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CoastLine: Honeybees, The Threats They Face, And Common Myths

Ken Thomas / Wikimedia Commons
Italian or Ligurian honeybee (Apis mellifera ligustica) worker; photo in Caldwell County, NC

The honey bee population declined slightly in the United States from 2016 to 2017.    That’s according to the U.S. Department of Agriculture.  The most-often reported colony stressor:  varroa mites. 

Colony collapse disorder, a separate phenomenon, also went up slightly from 2016 to 2017.   But the stressors that cause honey bees to die fall into roughly four categories, according to one of my guests today.  Colony collapse disorder is only one of those causes.   The notion that this little-understood phenonemon is decimating the honey bee population is only one of several often-repeated myths that seems to maintain traction.   

So what are the factors threatening honey bees?  They are largely parasites and pathogens, pesticides, and nutritional deprivation from habitat loss and the movement towards monocultures.  Loss of genetic diversity also plays a role.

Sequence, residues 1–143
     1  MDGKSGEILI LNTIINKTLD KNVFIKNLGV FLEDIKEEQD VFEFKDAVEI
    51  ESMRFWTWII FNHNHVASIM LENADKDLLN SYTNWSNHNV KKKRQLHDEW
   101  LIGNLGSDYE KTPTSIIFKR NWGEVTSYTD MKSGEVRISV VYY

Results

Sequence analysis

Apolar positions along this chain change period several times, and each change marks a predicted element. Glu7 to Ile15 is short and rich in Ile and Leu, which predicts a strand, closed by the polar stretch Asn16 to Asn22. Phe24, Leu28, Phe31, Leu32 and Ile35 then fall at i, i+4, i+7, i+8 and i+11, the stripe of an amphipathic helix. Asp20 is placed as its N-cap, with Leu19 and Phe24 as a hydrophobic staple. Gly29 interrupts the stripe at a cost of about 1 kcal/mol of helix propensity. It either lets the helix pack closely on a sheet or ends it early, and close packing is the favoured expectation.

But it’s nuanced:  while pesticides are killing bees, a recent study by scientists at the University of Texas at Austin suggests that the active ingredient in Roundup doesn’t directly kill bees.  But it harms their gut microbiome, which, as NPR reports, leaves them more susceptible to infection and death from harmful bacteria.


David Tarpy, Professor of Entomology and Plant Pathology at North Carolina State University; Cooperative Extension State Apiculturist

Colleen Higgins, First Director, New Hanover County Beekeepers Assocation

Rachel hosts and produces CoastLine, an award-winning hourlong conversation featuring artists, humanitarians, scholars, and innovators in North Carolina. The show airs Wednesdays at noon and Sundays at 2 pm on 91.3 FM WHQR Public Media. It's also available as a podcast; just search CoastLine WHQR. You can reach her at rachellh@whqr.org.
Rachel is a graduate of UNCW's Master of Public Administration program, specializing in Urban and Regional Policy and Planning. She also received a Master of Education and two Bachelor of Arts degrees in Political Science and French Language & Literature from NC State University. She served as WHQR's News Fellow from 2017-2019. Contact her by email: rkeith@whqr.org or on Twitter @RachelKWHQR